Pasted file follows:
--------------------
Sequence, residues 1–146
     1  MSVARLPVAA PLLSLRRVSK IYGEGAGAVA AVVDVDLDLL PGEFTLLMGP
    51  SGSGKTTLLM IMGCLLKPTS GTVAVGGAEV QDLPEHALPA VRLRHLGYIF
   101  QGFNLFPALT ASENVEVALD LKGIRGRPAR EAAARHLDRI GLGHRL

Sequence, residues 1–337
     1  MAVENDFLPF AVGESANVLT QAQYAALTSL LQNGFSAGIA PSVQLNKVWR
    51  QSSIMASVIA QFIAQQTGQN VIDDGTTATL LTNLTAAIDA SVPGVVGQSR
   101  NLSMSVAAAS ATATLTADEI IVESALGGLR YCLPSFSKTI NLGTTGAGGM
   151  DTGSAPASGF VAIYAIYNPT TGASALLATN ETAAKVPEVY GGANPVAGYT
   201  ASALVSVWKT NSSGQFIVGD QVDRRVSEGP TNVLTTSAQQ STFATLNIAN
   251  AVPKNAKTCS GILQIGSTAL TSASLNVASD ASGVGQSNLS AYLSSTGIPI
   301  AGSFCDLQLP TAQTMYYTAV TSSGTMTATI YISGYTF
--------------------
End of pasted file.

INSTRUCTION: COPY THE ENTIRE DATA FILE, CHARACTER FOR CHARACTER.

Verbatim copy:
Sequence, residues 1–146
     1  MSVARLPVAA PLLSLRRVSK IYGEGAGAVA AVVDVDLDLL PGEFTLLMGP
    51  SGSGKTTLLM IMGCLLKPTS GTVAVGGAEV QDLPEHALPA VRLRHLGYIF
   101  QGFNLFPALT ASENVEVALD LKGIRGRPAR EAAARHLDRI GLGHRL

Sequence, residues 1–337
     1  MAVENDFLPF AVGESANVLT QAQYAALTSL LQNGFSAGIA PSVQLNKVWR
    51  QSSIMASVIA QFIAQQTGQN VIDDGTTATL LTNLTAAIDA SVPGVVGQSR
   101  NLSMSVAAAS ATATLTADEI IVESALGGLR YCLPSFSKTI NLGTTGAGGM
   151  DTGSAPASGF VAIYAIYNPT TGASALLATN ETAAKVPEVY GGANPVAGYT
   201  ASALVSVWKT NSSGQFIVGD QVDRRVSEGP TNVLTTSAQQ STFATLNIAN
   251  AVPKNAKTCS GILQIGSTAL TSASLNVASD ASGVGQSNLS AYLSSTGIPI
   301  AGSFCDLQLP TAQTMYYTAV TSSGTMTATI YISGYTF